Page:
Sunday, December 27, 2009
One of the great questions for myself in my art revolves around discovering my mission as an artist. What is my mission? To be sure, for those of you who have been following this blog, some of it is sharing with others lessons İ have learned along the way that İ hope will be of use to others who are awakening to the need to follow their bliss. In creating art , I am following my bliss and this fulfills one of my personal missions in life. While İ believe that creating in and of itself is the mission of artists, İ also believe that artists have a role to play in saying something with their art, something that is hopefully meaningful and even transformative to others. Toward this end, one of the best texts I have ever read about art is The Mission of Art by Alex Grey. You must read this book. I generally avoid books about art other than how to books these days, but this one grabbed me from cover to cover. I have gone through the trouble of reserving a copy for you, at the side of this blog.:)Happy Holidays.
Sunday, December 20, 2009
As an artist, developing your hand-eye coordination is an important endeavor when it comes to drawing. As Betty Edwards, the world famous art instructor and author of a series of fantastic drawing instruction books, points out, the crucial element of learning to draw is to draw what you actually see before you rather than what you think you see.Toward this end, the hand must also be trained to respond accurately and translate what the eye sees into marks on the paper. To develop this vital capacity, there are a number of activities one can do. To be sure, drawing itself develops this skill. Another skill that many drawing instructors recommend to help a student strengthen their hand-eye coordination is juggling. Juggling? Yes, learning to juggle can improve your drawing skills as strange as this may sound. Besides this, learning to juggle is pretty simple and quite fun. I learned to juggle about 25 years ago when a friend of my mother showed me how and gave me three bean bags, starting me off. Since then, I have learned many more advance juggling skills other than your standard three-ball cascade. Most toy stores, and even many book stores, have a basic how-to set and You Tube is also full of instructional videos, like the one I have linked here. Learning to juggle is a fun skill to have.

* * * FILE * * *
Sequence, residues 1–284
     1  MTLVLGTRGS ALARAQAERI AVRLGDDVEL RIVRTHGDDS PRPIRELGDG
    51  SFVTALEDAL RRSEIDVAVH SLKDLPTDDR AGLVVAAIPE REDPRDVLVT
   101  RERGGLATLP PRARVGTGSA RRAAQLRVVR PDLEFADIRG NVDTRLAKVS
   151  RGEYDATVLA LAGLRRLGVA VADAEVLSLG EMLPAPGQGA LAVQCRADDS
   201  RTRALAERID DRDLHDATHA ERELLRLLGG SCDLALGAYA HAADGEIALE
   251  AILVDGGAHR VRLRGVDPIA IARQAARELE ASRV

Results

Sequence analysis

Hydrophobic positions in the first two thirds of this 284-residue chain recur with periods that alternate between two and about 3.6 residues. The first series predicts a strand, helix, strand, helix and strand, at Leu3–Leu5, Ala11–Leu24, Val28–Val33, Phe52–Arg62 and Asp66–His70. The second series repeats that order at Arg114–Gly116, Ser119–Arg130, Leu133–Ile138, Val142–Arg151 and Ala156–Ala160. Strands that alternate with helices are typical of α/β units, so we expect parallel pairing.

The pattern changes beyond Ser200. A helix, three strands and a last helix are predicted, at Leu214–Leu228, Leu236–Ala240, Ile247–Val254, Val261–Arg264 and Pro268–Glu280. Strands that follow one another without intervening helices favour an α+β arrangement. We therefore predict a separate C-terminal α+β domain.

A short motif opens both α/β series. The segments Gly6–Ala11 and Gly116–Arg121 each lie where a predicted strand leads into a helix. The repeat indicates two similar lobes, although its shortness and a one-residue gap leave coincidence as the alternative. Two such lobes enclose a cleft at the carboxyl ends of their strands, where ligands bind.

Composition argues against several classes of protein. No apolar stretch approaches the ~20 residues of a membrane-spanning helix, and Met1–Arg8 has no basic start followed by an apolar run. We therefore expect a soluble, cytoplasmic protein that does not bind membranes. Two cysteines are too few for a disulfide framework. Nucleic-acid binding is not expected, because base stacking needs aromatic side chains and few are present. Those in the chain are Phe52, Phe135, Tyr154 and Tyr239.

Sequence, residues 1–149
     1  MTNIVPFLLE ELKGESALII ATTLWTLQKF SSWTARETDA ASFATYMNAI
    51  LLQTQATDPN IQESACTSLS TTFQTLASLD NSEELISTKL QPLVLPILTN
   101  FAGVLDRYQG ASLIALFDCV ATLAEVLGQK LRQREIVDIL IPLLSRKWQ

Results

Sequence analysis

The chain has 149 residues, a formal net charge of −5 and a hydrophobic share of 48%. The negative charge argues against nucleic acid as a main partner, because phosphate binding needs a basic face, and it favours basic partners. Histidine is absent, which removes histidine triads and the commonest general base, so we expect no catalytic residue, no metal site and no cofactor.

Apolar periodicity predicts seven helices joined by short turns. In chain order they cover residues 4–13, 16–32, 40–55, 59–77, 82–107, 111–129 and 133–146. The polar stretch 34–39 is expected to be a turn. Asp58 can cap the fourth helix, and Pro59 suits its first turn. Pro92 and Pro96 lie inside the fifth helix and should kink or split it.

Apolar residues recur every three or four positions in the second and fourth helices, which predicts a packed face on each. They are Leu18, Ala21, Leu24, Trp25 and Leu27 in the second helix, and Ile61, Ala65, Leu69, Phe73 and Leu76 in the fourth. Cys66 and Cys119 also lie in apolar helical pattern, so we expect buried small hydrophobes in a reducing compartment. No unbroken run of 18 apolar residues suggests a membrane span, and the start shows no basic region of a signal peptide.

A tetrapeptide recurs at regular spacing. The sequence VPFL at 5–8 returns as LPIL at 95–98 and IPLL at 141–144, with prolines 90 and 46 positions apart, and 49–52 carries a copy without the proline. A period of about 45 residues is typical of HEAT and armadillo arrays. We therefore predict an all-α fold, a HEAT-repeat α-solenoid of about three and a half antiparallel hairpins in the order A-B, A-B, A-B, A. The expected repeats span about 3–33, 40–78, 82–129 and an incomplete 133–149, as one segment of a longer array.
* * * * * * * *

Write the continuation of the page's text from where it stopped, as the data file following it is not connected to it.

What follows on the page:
Similarly, juggling can also teach you lessons that are useful in other areas of your life. Years ago, I came across the book, Lessons from the Art of Juggling. For those who are interested in following their own dreams, listen up. The authors, Michael Gelb and Tony Buzan have many insightful ideas which proceed from learning to juggle. When learning to juggle, many make the mistake of trying to catch every throw they make. You have seen this before, soon the new juggler is running all over the place to catch their mistaken throws. Gelb and Buzan point out that this actually slows down the process of learning to juggle as catching those poor throws reinforces suching throwing, literally teaching you to throw poorly. The quicker route is to let the poor throws fall to the ground and only catch the balls that come to your hand in such a way that you are not thrown off balance in the course of catching. By staying balanced, you teaching yourself to throw correctly and soon develop a juggling rhythm that becomes meditative and allows you to learn even more advanced juggling tricks should you so desire.
Gelb and Buzan go on to illustrate how this can be a metaphor for how one approaches life. THink of the opportunity that comes to your life yet really throws your life off track as you chase after it. Gelb and Buzan argue that this is the poor throw that you should let drop, and only take on those ventures that are more or less in harmony with your being. I have found this idea quite valuable and has helped me think about opportunities that come to me. In fact, this is immanent in the idea of following your bliss. THere are lots of other gems in this book, so check it out. I have added links to the books I have been writing about in these posts. If you are moved to purchase them, you can help me subsidize my book habit by buying them through the links on my page. THanks to all of you who are reading my blog, I'd love to hear back from you regarding anything in my blog. I'd also love to hear from you about any books you have found that have inspired you. What is moving you these days?
The picture I included is one of my finest pieces, a drawing I did with colored pencils. I think this drawing shows the extent to which I have developed my hand-eye coordination for drawing. I am quite proud of this piece and I never tire of the satisfaction that looking at it gives me.
Sunday, December 13, 2009